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These days, it is hardly surprising to find out a robot can take care of your least favorite household chore. Every year, the robotic revolution seems to accelerate and impress us with feats of automation we never thought possible. As a result of the technology being so ubiquitous, we have come to expect a great deal from it.
The trusty robot lawnmower is a good example of this. As an automated gadget, it doesn’t really work in half measures. It can’t just look cool or perform a nifty trick or two because its value depends on it being easier to use than a manual mower (see our article about the best self automated lawn mowers). Unlike a drone or Amazon’s Alexa, it has only got one job. So, it needs to do it expertly.
This guide to robot lawnmowers explains the truth behind the tech and asks whether you should get one for your lawn.
Robot lawnmowers function by generating and interpreting digital maps of a home’s lawn. Most require just one calibration session during setup to create a reference guide of the yard’s square footage, perimeters, and any obstacles such as shrubs or trees. After this is done, the user no longer needs to press buttons, adjust settings, or even switch the lawnmower on. It is fully autonomous.
Once you’ve given it the setup data it needs, it can go about life as any good robot should (with no intervention). Robot lawnmowers can turn themselves on and cut the grass according to a predetermined schedule. This could be a schedule of your choosing or, even more impressively, an ad hoc schedule depending on the week’s weather forecast.
Not all robot lawnmowers have this function but most newer models can connect to the internet, check the forecast and determine if it’s a good day for mowing. If conditions are suitable (warm and/or dry), they switch on automatically and start a fresh mowing cycle. The lawnmower returns to its dock for charging afterward without needing any assistance from the user.
Obstacles are never a problem because the mower has a preloaded map of the space. It knows exactly where to expect them and can swerve, turn, or reverse accordingly. One downside of older robotic mowers is they can only avoid stationary objects that feature on preloaded maps. If you were to move a deckchair for example, an older model may not be able to account for this because it expects to meet it in one position and one position only.
The good news is contemporary models are growing more sophisticated. Some can now detect obstacles more intuitively. They use a combination of preloaded maps and intelligent sensors to predict the position of objects on the lawn and detect unexpected obstacles that are not included on their map. Think of the way an indoor Roomba uses sensors to detect objects present in its floorspace so it can move in a different, safer direction.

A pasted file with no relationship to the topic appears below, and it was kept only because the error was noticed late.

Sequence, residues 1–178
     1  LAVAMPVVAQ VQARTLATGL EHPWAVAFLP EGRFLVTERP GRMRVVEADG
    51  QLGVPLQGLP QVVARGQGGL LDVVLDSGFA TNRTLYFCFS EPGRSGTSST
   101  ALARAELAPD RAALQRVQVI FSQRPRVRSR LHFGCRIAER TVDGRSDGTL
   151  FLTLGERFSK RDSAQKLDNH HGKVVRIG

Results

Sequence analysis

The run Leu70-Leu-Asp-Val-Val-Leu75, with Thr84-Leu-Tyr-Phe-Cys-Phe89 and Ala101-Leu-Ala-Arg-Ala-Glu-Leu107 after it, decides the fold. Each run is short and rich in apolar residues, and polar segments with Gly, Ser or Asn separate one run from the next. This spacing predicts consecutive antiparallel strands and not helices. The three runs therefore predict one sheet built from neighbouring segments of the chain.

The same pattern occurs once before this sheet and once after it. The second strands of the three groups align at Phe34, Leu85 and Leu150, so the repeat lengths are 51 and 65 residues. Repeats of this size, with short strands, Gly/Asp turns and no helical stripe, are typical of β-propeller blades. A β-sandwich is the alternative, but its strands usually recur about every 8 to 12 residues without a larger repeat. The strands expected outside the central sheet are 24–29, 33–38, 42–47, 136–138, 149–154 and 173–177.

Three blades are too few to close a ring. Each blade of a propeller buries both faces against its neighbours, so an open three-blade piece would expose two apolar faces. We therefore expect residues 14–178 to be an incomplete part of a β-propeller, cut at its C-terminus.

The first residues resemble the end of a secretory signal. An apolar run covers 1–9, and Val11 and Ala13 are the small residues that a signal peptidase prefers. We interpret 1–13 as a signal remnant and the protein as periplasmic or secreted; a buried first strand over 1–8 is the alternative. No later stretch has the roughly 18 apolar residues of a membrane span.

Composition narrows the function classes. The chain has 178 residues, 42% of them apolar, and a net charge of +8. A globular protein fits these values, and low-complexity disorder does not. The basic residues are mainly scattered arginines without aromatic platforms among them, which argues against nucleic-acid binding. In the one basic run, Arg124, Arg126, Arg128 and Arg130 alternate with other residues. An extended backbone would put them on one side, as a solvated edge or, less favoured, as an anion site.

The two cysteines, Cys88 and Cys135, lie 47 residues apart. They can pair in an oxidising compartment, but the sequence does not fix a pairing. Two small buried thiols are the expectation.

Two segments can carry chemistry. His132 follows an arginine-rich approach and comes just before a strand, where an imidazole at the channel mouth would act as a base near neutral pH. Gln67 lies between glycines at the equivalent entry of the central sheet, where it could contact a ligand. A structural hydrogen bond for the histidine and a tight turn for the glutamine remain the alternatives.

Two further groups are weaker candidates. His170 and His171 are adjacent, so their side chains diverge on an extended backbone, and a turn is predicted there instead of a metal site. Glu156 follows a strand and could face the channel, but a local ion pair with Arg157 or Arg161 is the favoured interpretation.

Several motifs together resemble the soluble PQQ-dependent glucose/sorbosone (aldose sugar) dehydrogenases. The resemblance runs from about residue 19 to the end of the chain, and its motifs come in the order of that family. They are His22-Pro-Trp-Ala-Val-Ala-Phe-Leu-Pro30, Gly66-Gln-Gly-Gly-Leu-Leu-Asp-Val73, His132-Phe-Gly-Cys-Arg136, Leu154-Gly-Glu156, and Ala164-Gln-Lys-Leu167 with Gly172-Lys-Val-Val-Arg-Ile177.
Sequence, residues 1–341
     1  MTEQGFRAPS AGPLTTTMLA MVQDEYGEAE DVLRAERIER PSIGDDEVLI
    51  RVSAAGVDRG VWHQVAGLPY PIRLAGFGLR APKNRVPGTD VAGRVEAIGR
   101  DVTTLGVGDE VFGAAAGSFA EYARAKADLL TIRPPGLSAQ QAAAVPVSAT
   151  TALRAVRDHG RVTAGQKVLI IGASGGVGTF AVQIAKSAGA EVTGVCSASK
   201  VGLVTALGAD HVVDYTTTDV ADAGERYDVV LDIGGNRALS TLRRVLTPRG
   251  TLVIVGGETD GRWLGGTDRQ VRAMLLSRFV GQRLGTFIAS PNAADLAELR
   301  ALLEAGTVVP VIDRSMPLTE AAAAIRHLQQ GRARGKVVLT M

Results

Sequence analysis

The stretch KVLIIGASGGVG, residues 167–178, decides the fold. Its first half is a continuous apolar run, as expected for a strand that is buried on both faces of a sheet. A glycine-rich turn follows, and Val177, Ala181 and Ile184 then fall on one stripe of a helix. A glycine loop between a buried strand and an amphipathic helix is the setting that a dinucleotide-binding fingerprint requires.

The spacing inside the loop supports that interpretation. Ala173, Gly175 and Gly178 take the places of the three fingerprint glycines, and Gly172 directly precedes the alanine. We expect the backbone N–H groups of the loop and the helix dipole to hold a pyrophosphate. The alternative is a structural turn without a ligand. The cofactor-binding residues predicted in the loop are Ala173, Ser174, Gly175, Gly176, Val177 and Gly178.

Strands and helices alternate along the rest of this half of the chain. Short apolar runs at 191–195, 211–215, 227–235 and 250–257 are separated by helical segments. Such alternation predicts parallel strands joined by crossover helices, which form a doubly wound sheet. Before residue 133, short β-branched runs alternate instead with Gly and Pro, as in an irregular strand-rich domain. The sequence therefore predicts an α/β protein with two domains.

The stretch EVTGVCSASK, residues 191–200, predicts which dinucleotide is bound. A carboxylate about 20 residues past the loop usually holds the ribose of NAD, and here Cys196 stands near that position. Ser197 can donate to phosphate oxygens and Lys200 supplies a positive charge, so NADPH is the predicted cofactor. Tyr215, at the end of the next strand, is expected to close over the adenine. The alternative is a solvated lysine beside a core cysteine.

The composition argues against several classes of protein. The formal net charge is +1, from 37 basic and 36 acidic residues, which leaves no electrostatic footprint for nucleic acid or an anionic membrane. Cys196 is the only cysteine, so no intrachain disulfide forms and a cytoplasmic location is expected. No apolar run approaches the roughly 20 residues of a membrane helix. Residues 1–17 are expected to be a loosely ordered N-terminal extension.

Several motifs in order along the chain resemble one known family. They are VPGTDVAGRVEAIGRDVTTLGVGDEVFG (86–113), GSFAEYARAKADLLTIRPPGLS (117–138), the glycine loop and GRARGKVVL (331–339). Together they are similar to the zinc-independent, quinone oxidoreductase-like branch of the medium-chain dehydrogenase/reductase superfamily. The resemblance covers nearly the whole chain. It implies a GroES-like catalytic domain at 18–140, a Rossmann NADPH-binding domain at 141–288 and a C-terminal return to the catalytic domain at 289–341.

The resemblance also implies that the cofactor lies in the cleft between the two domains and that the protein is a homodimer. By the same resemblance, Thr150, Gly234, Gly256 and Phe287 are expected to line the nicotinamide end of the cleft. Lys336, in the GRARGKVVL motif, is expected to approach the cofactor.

Provided the robotic lawnmower is set up correctly, there is a good chance no further interaction will be needed at least until the lawn changes shape or you decide to upgrade to another device. So, while the setup can be time-consuming, you only need to do it once.
The first step is to install a boundary wire around your lawn. This is a thin cable – it looks a little like the pull cord for a manual mower – and it tells your robot lawnmower when to stop. It is especially important; without this cable, the machine may wander beyond its boundaries and leave the grass. You do not want this to happen particularly on gravel or any stony surface capable of stressing the blades.
The boundary wire also helps to orient the robot lawnmower. When it is finished cutting the grass, it searches for the nearest boundary and uses this to determine the best way back to its charging dock. The wire should be easy to install. Most devices use pegs to create a thin and inconspicuous wire border around the lawn. Some of the higher-priced robot lawnmowers come with installation included. Depending on how much you’re willing to pay, you could have a technician come to your home and lay the boundary wire underneath the grass, so it’s completely hidden.
The boundary wire leads right back to the charging dock so make sure there are no trip hazards. Whichever lawnmower model you choose to buy, there should be plenty of wire to stretch around the garden. However, it is always best to take your own measurements and check these against a models’ specifications before you buy it.
Once the boundary wire is safely set up, the last step is to program the lawnmower. This usually includes inputting the date, time and how often you want the lawn to be cut. If your device has an automated cycle, you can tell it to mow the lawn (without prompting) only on specified days or in certain weather conditions. Read this article for additional tips on setting up a robotic lawn mower for the first time.
The top-rated robot lawnmowers on the market are already impressive machines and the technology is improving all the time. While they do have limitations – only a few of the most expensive machines can cut grass in wet conditions – they require minimal interaction and can take over manual mowing with almost no effort.